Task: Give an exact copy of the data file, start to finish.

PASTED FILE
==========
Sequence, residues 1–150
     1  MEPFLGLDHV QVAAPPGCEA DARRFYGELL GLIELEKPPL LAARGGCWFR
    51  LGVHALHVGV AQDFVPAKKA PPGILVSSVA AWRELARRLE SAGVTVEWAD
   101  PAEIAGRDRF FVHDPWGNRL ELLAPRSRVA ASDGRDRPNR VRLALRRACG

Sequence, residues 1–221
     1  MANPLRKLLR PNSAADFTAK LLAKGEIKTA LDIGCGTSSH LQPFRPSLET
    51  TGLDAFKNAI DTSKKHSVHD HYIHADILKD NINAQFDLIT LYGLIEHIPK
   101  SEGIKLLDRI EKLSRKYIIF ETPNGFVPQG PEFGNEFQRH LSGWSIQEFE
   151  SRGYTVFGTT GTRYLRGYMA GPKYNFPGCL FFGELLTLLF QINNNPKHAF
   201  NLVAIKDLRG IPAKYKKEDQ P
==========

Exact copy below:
Sequence, residues 1–150
     1  MEPFLGLDHV QVAAPPGCEA DARRFYGELL GLIELEKPPL LAARGGCWFR
    51  LGVHALHVGV AQDFVPAKKA PPGILVSSVA AWRELARRLE SAGVTVEWAD
   101  PAEIAGRDRF FVHDPWGNRL ELLAPRSRVA ASDGRDRPNR VRLALRRACG

Sequence, residues 1–221
     1  MANPLRKLLR PNSAADFTAK LLAKGEIKTA LDIGCGTSSH LQPFRPSLET
    51  TGLDAFKNAI DTSKKHSVHD HYIHADILKD NINAQFDLIT LYGLIEHIPK
   101  SEGIKLLDRI EKLSRKYIIF ETPNGFVPQG PEFGNEFQRH LSGWSIQEFE
   151  SRGYTVFGTT GTRYLRGYMA GPKYNFPGCL FFGELLTLLF QINNNPKHAF
   201  NLVAIKDLRG IPAKYKKEDQ P